”The defilement of envy is one of the most disgraceful of all human sins, and enviers are undoubtedly the slaves of an impure spirit. It is said that every human passion leaves its stamp upon a man’s face. The mark of envy is that it sucks the joy of life out of a Christian, leaving his face pale and sometimes even tinged a sickly shade of green.” And then later says, “You all sense how close envy and anger are—they are brother and sister, and their father is the devil himself. Perhaps envy has plunged some of our readers into meanness, dissatisfaction and fruitless complaining, making them unhappy and resentful of life itself?” Could the deep core of my gloomy feelings be envy? I’m beginning to think it is. I always thought that envy was simply wanting something else that someone else had. And as long as I knew I really didn’t want that persons new SUV or that persons huge wardrobe or a big fancy house (because I have no desire to have those things) that I really wasn’t envious of anything or anybody. BUT…I really think that at some point in my life the sin of envy buried itself so deep in my heart that it is rearing its ugly little head in ways that are completely unrecognizable to me. As a young girl I can say without a doubt that I was envious of those kids who had what I perceived to be everything. And as an adult I can think back and remember times where I was definitely envious of others. But I had no idea that “envy” in it’s full definition was “A feeling of discontent and resentment aroused by and in conjunction with desire for the possessions or qualities of another.”(definition from I don’t think I am envious of any one specific object or person and I think that is why I have been so blinded from what now seems so obvious. But “Discontent?” and “Resentment?” I think those both abound in me at times. What do I do when I am “gloomy”…I daydream about living near my mom, because then I won’t be so lonely. I daydream about when all my kids are in school all day so I have more time to myself. I daydream about lots of different things that are completely impossible for me to do because I have 4 small children to take care of. Am I resentful? It kind of sounds like it! But a few days ago I would have said…”NO WAY!!! I love my kids! I wouldn’t trade them for the world.” And I still do, that hasn’t changed and never will. But maybe deep down inside I resent them for stopping me from doing what I want to do. Am I discontented with the vocation God has chosen for me?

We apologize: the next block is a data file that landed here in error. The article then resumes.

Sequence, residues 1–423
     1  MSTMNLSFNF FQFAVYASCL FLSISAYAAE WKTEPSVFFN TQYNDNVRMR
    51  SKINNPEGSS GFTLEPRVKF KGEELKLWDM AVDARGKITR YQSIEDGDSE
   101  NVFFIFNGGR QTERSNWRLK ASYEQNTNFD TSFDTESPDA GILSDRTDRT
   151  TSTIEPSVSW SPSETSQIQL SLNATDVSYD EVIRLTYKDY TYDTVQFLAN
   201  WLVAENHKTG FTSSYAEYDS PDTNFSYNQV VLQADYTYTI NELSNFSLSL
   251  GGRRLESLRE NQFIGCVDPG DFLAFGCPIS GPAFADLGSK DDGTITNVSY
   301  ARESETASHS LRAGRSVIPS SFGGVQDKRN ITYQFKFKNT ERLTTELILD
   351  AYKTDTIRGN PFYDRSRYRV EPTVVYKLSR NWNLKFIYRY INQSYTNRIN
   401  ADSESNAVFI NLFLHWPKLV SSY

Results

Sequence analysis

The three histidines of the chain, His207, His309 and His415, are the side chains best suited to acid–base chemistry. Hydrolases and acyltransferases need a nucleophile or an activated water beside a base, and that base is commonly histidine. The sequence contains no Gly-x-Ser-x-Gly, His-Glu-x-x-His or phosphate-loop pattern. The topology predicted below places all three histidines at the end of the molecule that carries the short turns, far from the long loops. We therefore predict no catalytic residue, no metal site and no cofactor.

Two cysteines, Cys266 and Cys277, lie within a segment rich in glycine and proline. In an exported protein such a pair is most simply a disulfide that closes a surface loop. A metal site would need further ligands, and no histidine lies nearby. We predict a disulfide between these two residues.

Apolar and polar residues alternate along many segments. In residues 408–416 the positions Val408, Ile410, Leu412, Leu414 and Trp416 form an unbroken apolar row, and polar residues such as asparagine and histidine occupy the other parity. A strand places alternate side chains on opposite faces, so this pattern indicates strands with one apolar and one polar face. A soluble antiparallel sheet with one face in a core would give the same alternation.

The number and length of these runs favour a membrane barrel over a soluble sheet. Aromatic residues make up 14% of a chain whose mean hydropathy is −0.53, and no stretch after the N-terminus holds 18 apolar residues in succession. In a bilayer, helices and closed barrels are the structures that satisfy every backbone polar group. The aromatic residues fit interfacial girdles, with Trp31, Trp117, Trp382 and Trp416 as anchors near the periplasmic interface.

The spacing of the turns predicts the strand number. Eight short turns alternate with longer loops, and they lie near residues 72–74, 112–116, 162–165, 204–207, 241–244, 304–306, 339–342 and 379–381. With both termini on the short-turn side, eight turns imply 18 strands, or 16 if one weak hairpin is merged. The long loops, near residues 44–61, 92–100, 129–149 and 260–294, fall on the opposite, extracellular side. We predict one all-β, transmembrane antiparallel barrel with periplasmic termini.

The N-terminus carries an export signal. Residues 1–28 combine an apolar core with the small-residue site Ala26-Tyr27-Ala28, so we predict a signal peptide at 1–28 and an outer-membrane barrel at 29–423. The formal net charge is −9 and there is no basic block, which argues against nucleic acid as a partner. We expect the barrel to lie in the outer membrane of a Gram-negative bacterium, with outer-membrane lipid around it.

Lord have mercy on me, a sinner! This hurts! But I know it’s there now…I can confess it (again and again, I’m sure.) and ask God for strength to fight against it…DAILY.

“The Path to Confession” goes on to say, “Do you want to be healed of this vile feeling? Try to always be pleased and grateful to the Lord for what you have without daydreaming about things that haven’t been given to you.”

The first thing I know I need to do is confess! But after that I will begin a journal…a journal of Thanksgiving to the Lord. May God reveal to me so much more through the blessings that I know I receive on a daily basis.

Thank you, Merciful Lord!